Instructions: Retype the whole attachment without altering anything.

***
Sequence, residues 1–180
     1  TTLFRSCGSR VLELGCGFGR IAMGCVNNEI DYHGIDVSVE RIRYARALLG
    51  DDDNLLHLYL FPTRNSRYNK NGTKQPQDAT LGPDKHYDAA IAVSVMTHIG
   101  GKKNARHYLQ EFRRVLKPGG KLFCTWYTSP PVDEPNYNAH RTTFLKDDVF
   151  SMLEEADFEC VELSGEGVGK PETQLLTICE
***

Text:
Sequence, residues 1–180
     1  TTLFRSCGSR VLELGCGFGR IAMGCVNNEI DYHGIDVSVE RIRYARALLG
    51  DDDNLLHLYL FPTRNSRYNK NGTKQPQDAT LGPDKHYDAA IAVSVMTHIG
   101  GKKNARHYLQ EFRRVLKPGG KLFCTWYTSP PVDEPNYNAH RTTFLKDDVF
   151  SMLEEADFEC VELSGEGVGK PETQLLTICE